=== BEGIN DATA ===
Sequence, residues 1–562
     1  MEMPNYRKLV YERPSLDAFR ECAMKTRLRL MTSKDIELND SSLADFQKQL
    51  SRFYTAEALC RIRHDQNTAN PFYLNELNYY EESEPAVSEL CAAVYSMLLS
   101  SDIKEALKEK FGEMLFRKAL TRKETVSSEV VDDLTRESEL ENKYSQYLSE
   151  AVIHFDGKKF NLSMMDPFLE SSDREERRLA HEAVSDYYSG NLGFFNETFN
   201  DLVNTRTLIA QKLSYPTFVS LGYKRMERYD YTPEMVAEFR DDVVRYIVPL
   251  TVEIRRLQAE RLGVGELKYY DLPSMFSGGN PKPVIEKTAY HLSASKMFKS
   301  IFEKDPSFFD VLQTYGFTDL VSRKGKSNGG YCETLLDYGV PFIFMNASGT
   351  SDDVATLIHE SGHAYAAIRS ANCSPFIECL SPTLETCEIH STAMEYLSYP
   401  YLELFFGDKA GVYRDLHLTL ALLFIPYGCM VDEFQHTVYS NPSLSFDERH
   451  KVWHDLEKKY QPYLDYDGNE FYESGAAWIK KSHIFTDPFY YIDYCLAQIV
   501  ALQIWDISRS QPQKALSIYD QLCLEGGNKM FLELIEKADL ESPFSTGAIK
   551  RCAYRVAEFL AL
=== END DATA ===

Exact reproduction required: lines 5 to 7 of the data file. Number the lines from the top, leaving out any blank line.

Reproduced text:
   151  AVIHFDGKKF NLSMMDPFLE SSDREERRLA HEAVSDYYSG NLGFFNETFN
   201  DLVNTRTLIA QKLSYPTFVS LGYKRMERYD YTPEMVAEFR DDVVRYIVPL
   251  TVEIRRLQAE RLGVGELKYY DLPSMFSGGN PKPVIEKTAY HLSASKMFKS